The present case concerns an anti-suit injunction sought by the Claimant to restrain the Respondent from proceeding with the 2017 Proceedings. The Claimant submitted that the 2017 Proceedings were in breach of the parties’ arbitration agreement and the Respondent’s conduct was vexatious and oppressive since the claims have been decided by the arbitral tribunal and Hong Kong Court. The Respondent argued that the 2017 Proceedings were in fact tortious and derivative in nature since the remedy was sought on behalf of the joint venture company. The Respondent further argued that neither the joint venture company nor Tong were parties to the arbitration agreement and thus were not bound by it nor by the arbitral award.

The Court granted the Claimant’s anti-suit injunction, finding that since the claims in 2017 Proceedings were related to the joint venture agreement and the parties’ rights and obligations thereunder, the claims fell within the scope of the arbitration agreement and have already been determined by the arbitral tribunal. The Court emphasized that the Respondent also made the same claims against the director in the arbitration on the basis that the Claimant was vicariously liable for the director’s actions. Permitting the Respondent to continue with the 2017 Proceedings would discredit the findings made in the arbitral award. The Court also criticized that the Respondent “displayed complete disrespect for the arbitration agreement and the arbitral process”.

Hong Kong Sports Industrial Development Limited (formerly known as “LeTV Sports Culture Develop (Hong Kong) Co., Limited”)

The petitioners commenced arbitration proceedings against the debtor company (LeTV) in Singapore for recovery of debts, and simultaneously winding up proceedings against LeTV in Hong Kong. Harris J considered that LeTV failed to adduce any evidence to demonstrate a bona fide defence on substantial grounds to the petitioners’ claim on a specific sum and saw no justification for requiring the parallel arbitration to be completed before winding up LeTV.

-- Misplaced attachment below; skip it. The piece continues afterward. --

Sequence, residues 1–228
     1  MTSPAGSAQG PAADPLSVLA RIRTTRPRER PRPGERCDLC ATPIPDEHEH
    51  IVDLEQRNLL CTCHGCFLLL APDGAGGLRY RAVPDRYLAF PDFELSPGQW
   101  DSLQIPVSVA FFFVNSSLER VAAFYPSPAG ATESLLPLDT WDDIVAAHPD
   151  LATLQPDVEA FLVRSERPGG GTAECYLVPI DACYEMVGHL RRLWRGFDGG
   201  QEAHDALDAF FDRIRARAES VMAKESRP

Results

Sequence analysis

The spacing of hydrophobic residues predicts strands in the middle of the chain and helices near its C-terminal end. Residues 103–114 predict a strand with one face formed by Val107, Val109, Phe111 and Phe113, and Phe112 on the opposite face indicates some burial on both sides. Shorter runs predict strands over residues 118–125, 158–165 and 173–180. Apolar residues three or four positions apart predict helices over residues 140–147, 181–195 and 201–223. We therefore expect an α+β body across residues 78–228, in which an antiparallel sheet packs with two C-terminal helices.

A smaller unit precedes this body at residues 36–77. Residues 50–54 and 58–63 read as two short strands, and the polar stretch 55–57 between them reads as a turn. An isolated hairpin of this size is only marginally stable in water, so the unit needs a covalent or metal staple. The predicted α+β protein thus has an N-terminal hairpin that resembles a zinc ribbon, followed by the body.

This case may be distinguished from Lasmos Limited (supra) in that LeTV did not dispute the entire debt based on bona fide and substantial grounds. There was thus no fairness to be done in giving way to the ongoing arbitration.

Conclusion

The above cases show that the Court would respect parties’ autonomy in the choice of their dispute resolution mechanism and has little tolerance for parties who to observe arbitral awards, and would even restrain foreign court proceedings after the conclusion of arbitration in order to guard against attempts to re-litigate matters determined by the arbitral tribunal.

Of course, it should not be expected, that the Hong Kong Court would defer to arbitral proceedings, as for example, in the Hong Kong Sports Industrial Development Limited case if the debt or part of the debts are not disputed. Reading Harris J’s 2 decisions in conjunction shows that a bona fide defence on substantial grounds is necessary to ward off compulsory winding up.

The judgments indicate that the Hong Kong Court would go beyond the form of the proceedings to determine in substance whether the dispute is subject to arbitration. The above decisions are welcome reassurance that arbitration agreements and arbitral awards are recognized and respected, a party cannot get around the arbitration clause by presenting winding up petitions.

If you have any questions about the above eNews or legal queries generally, experienced lawyers in our Litigation and Dispute Resolution team will be happy to assist you.